What really bothers me about many of my fellow atheists is that so many of them talk about religion as though it were some kind of alien, autonomous force that has invaded human life. To me it seems obvious that religion is something that human beings invented. If “religion” tends to be hostile to human sexuality, for example (though that’s an oversimplification), it’s because human beings are often hostile to, at best ambivalent about the body and its pleasures, and this is reflected in the religions we’ve created. The same applies to war and other human actions. I don’t see any sharp dividing line between religion and other human enterprises. But I don’t see any sharp dividing line between, say, science and other human enterprises either. Science is no more one thing than religion is.

        A friend of mine and I were discussing this lately, and she said that she tries not to talk about what “science” says, but what scientists say, and that I shouldn’t blame Science for the errors of scientists. She’s right, of course, but at the same time, this is exactly the argument that religious apologists make: that Christianity isn’t to blame for the abuses committed in its name, but Christians are. In fact there is no Science and there is no Religion, there are only people talking about and doing them. Religion has no authority, but neither does science.

        • threonin says:

          There is a fundamental difference between science and religion. Religion is static, it has it dogmas which can’t be changed, or better, change over a very large amount of time, as even religions evolve. Science is a process, it creates theories and as soon as they have been disproved, it creates better ones. The goal is the same, the description on how the universe works and how it started.
          Of course, it is always possible to doubt everything, then you have solipsism, who can prove that I’m not the only existence in being, everything could just be a dream. The only thing I can know for sure, is that I myself exist, as Descartes said “cogito ergo sum”. From that point of view, there can be no other proof at all. But that doesn’t get us very far, does it? So I decided for myself, that I’ll accept the world around me as real. As I always have been very curios I am quite interested in how things work. Religion offers simple explanations, but they just don’t feel right… Science on the other hand follows a very simple principle to get asymptotically closer to the reality as we perceive it. Maybe it will never reach it completely and therefore have no absolute authority, but it will always offer the best approximation available at the current moment.

        • Omnipotent Zombie says:

          TPR, when i think of the term supernatural, i apply it to the supposed existences of gods or godesses, spirits, and includes the philisophical beliefs of karma and reincarnation etc; to use an archaic term, the metaphysical. This is a horrible example, but think of something along the lines as “The Force” from the star wars movies. It’s not a he, she, or even an “it”, but it still had a presence.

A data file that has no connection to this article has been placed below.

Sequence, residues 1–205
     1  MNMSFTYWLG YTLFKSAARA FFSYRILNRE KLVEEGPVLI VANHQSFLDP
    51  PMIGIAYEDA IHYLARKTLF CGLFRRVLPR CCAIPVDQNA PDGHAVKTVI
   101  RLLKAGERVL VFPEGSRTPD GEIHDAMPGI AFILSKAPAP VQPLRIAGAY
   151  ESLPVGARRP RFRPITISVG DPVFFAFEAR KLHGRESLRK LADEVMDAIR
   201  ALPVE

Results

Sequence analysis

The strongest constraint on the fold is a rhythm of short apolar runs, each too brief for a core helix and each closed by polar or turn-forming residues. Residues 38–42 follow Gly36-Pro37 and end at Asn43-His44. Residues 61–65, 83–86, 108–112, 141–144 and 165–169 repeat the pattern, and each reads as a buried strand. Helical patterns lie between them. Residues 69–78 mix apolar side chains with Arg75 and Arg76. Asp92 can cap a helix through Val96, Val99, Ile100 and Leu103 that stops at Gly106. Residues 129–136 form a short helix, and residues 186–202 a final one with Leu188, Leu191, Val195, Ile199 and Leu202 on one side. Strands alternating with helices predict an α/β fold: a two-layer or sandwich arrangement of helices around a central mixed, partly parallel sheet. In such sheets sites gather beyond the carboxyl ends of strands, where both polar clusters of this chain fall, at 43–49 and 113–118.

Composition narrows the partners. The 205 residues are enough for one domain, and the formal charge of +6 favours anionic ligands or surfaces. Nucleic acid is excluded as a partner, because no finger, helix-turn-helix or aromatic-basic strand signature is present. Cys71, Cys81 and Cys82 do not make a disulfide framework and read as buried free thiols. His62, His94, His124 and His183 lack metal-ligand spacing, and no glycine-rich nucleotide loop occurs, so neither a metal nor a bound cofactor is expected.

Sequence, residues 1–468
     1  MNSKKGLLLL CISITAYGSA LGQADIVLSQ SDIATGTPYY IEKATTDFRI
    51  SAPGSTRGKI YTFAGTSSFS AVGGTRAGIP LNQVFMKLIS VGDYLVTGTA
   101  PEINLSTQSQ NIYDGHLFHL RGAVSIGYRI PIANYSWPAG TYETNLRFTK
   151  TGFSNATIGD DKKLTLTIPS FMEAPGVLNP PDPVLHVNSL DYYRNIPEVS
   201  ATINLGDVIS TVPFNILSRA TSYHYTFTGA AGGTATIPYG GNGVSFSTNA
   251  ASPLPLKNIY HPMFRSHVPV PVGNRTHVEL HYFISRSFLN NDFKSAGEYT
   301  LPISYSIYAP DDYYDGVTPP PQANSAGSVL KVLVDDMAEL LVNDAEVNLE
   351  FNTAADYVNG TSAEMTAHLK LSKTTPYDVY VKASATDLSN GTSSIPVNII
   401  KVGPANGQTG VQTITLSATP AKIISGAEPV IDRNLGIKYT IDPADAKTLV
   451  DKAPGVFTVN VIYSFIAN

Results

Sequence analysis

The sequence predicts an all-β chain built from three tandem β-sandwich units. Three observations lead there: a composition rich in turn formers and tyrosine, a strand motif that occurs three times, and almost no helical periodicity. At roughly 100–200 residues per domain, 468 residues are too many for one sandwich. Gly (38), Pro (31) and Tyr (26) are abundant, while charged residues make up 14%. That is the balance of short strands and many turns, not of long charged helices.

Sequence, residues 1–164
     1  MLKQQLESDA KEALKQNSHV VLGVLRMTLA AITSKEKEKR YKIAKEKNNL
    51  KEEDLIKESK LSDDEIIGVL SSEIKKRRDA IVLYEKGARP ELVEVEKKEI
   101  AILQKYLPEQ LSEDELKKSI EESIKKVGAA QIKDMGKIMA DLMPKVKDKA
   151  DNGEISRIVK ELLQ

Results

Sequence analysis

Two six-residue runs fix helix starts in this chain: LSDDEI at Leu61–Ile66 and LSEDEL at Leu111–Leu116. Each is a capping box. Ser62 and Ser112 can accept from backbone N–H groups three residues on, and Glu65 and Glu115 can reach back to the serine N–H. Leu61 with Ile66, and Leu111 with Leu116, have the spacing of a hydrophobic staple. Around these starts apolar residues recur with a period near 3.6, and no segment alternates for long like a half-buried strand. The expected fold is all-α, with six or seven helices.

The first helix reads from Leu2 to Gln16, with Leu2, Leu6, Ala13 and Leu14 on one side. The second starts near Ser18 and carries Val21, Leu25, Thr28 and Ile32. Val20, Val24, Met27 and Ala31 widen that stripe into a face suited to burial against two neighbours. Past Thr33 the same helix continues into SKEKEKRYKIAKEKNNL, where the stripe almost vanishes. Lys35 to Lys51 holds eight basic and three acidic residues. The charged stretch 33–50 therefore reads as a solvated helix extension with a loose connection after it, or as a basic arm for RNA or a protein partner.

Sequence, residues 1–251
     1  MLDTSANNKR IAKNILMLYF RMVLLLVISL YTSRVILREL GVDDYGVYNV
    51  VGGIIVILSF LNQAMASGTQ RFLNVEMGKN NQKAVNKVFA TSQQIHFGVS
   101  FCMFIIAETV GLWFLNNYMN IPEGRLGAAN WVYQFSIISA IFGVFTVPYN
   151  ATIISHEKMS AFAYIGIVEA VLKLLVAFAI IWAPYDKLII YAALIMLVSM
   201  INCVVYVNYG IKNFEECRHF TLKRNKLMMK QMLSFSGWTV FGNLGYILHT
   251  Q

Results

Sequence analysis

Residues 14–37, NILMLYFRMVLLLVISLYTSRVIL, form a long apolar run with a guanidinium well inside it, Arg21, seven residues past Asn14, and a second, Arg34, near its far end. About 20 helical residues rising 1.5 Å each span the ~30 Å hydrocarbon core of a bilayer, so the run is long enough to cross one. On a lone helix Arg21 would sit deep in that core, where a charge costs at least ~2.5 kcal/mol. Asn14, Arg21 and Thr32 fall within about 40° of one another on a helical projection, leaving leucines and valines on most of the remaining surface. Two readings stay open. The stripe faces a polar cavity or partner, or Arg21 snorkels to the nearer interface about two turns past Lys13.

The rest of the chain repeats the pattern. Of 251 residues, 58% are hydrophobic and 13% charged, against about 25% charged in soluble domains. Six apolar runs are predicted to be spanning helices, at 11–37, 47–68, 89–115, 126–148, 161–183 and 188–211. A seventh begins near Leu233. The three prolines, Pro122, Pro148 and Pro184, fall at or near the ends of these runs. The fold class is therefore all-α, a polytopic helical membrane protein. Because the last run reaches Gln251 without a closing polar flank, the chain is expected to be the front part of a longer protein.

Back in the times of ancient, if someone got sick, people believed that it was due to the presence of demons and evil spirits or punishment from their Deity. Today, we know that illness are caused by micro-organisms and our environment. Maybe science will one day advance to the point that that the so-called “supernatural” will be proven to be a natural yet complex function of the universe.

        • threonin says:

          Exactly, there is no such thing as supernatural, as soon as it is happening, it is natural. The laws of nature don’t change, it’s just the models describing them.

        • Bigslicka says:

          Hey OZ, the reason The Force works is because of microscopic beings know as Mitaclorians that live in all things. And Pastafarians have very large amounts of Mitaclorians (they look just like His Noodlyness).

        • Matiir says:

          From some of the literature I’ve happened across it actually describes religion as more of a maladaptive evolutionary trait.. Starting from the basis of children in a tribe needing to listen to their parents to not be eaten by a bear which flowed into having to listen to all elders much like the little Albert (I could have the name wrong) experiment [where they associated hearing a loud noise to a white rabbit making the child become frightened every time he saw the white rabbit; then because the child moved the psychologist were unable to remove the association which morphed into little Albert being afraid of all white rodents not just rabbits later in life]. Which in itself listening to your elders is not a bad thing, but because as a child we are told not to question our elders it kind of changes into an unthinking acceptance which is very bad especially if, like the church, the elders are all about control and promoting their own ideas. We must also realize that early humanity didn’t have the means to explain what was going on around them, therefore the explanation “god did it” was logical. That doesn’t fully explain why people still hold on to the antiquated beliefs but it may explain a wee bit on why so many fall for it.. Also I actually know people who do believe in the literal bible it doesn’t matter what kind of rational argument you throw at them either. Its a sad thing to waste a brain!